ALY: You might call it a distraction but I do want to come back to the curriculum for a moment, given that’s the report that’s just come down. The focus on grammar was interesting. But the concerns that it seems to raise about teachers themselves lacking grammar skills. Isn’t part of the problem here that we seem to have gone a generation of education that seems to have run in the opposite direction to worrying about things like grammar and phonics and perhaps even times tables as I scandalously learned as a parent with a child at primary school not so long ago, and that it’s going to be very, very hard to retrieve this?
ELLIS: Well, look, I think that this is actually a problem that isn’t necessarily directly related to our curriculum. But it does come back to one of those central recommendations of the Gonski reforms, that we need to be investing in professional development. And of course we need to be making sure that the skills and teaching practices that are implemented in the classrooms are based on the most up to date research and have the best practices behind them.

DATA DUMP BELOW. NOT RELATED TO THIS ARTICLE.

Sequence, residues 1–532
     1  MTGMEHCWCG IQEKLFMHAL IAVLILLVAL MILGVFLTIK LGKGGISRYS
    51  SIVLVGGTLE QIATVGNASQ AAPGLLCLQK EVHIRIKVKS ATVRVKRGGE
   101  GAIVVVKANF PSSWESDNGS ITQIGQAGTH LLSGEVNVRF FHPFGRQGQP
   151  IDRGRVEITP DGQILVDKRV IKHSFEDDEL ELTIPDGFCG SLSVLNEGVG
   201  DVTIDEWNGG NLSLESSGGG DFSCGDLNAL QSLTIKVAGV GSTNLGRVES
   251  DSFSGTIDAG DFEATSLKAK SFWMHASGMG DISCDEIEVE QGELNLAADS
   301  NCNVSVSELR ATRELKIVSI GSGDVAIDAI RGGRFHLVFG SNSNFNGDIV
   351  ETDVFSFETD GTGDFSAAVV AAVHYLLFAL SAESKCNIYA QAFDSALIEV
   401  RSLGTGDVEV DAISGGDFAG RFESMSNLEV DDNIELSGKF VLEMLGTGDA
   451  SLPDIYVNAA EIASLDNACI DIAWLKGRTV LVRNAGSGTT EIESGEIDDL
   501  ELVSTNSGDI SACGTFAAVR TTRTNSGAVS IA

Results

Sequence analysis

ALY: Isn’t that partly how we got away from the focus on grammar and phonics? There were all these new theories about teaching that suggested these things weren’t that important.
ELLIS: I don’t think it’s about new theories. But I think it is about making sure that we have ongoing teacher training and development. And I think that teacher development is not about saying that our teachers aren’t up to scratch. It’s saying that they are the most important resource that we have in our schools, and it is really important that we continue to invest in their skills right throughout their career.